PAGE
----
'Troubling Signs' of New Housing Bubble Loom, Shiller Says

'Troubling Signs' of New Housing Bubble Loom, Shiller SaysIs there another bubble brewing in the housing market?
Some facts point in that direction, according to Robert J. Shiller, Yale economics professor and co-namesake of the popular home-price index (the S&P/Case-Shiller HPI).
Home prices in the United States were up 18.4 percent in “real, inflation-corrected terms” in the 16 months that ended in July, Shiller writes in an op-ed piece he did for the New York Times over the weekend.
During the housing bubble that preceded the 2008 financial crisis, the largest 16-month increase wasn’t much bigger: 22.7 percent, for the period ended in July 2004.
“Is it possible that we are lapsing into what I call a bubble mentality — a self-reinforcing cycle of popular belief that prices can only go higher?” Shiller asks.
The short answer is: possibly, but not yet.
Based on surveys of recent home buyers in major cities across the U.S., Shiller concludes that “we are not in a bubble now.” But he adds: “There are troubling signs that we may be heading toward one.”
Long-term expectations for home prices in the current survey remained relatively modest, at 4.2 percent a year for the next 10 years.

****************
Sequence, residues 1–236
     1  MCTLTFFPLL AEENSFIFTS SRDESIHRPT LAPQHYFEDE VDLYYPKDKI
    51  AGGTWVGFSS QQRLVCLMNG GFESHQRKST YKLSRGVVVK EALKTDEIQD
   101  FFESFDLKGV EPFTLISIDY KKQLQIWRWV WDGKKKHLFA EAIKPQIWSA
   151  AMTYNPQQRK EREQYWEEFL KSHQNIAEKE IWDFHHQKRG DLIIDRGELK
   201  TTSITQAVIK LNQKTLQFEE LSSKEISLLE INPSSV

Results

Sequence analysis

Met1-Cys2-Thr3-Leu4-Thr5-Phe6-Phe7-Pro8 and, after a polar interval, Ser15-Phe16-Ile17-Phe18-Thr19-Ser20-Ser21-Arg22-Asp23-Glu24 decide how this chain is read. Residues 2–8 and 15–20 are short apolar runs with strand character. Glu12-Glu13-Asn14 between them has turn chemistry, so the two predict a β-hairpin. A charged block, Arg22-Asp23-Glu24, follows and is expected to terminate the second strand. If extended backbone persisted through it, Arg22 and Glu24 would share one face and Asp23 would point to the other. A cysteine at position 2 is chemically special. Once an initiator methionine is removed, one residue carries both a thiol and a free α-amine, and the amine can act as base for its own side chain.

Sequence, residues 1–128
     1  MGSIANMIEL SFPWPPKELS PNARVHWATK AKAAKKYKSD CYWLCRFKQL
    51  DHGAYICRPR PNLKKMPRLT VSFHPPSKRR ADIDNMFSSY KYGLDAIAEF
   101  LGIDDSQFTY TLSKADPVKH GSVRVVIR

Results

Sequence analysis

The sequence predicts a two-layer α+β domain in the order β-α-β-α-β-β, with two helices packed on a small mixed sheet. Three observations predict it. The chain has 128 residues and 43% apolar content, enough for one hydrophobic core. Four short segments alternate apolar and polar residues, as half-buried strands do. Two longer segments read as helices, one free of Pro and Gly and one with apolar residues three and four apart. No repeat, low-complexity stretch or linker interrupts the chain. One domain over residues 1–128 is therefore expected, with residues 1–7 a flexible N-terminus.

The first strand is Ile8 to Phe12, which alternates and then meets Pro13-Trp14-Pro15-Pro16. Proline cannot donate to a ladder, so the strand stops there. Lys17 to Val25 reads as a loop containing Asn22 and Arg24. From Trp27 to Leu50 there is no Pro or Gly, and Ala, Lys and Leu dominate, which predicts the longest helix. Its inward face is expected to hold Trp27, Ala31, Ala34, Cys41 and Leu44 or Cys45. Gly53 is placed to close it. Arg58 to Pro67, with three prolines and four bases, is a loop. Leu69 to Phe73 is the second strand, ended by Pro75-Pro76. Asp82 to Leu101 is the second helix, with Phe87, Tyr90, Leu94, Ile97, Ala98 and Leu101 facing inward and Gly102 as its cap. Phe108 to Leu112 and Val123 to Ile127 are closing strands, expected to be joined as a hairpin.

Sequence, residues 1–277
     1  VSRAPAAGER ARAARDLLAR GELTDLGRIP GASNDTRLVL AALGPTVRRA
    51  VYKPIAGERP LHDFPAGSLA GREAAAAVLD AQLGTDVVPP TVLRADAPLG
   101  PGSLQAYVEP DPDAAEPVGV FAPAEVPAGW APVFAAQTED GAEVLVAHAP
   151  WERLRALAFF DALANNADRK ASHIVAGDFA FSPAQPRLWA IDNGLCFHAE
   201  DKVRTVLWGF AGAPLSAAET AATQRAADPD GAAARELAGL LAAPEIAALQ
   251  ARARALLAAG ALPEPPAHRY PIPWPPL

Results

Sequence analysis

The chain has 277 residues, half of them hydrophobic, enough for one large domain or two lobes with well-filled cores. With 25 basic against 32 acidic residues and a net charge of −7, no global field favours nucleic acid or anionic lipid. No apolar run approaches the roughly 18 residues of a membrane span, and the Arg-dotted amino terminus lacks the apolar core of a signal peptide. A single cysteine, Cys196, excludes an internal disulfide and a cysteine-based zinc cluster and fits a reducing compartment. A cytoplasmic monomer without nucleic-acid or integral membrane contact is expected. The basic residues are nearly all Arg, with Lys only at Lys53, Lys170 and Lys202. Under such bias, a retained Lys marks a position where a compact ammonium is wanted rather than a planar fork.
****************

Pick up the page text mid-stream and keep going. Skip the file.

“At that rate, if consumer inflation is modest, at, say, 2 percent a year, real prices would rise only about 2.2 percent annually, and we wouldn’t return to the December 2005 peak in real home prices until 2031,” Shiller said.
Additionally, some 10.6 percent of respondents said they bought a home “only to rent out to others.”
“That proportion has been rising irregularly since 2004, when it was just 2.7 percent,” Shiller said. “The change likely reflects the recent tilt in demand toward rental housing, which isn’t likely to sustain high prices in scattered suburban housing.”
Most people don’t seem to be prompted by the anticipation of another housing boom, which is a good thing.
But Shiller cautioned: — that’s only the thinking for the moment.
“Whether these attitudes mutate into a national epidemic of bubble thinking — one big enough to outweigh higher mortgage rates, fiscal austerity in Congress and other factors — remains to be seen,” he said.

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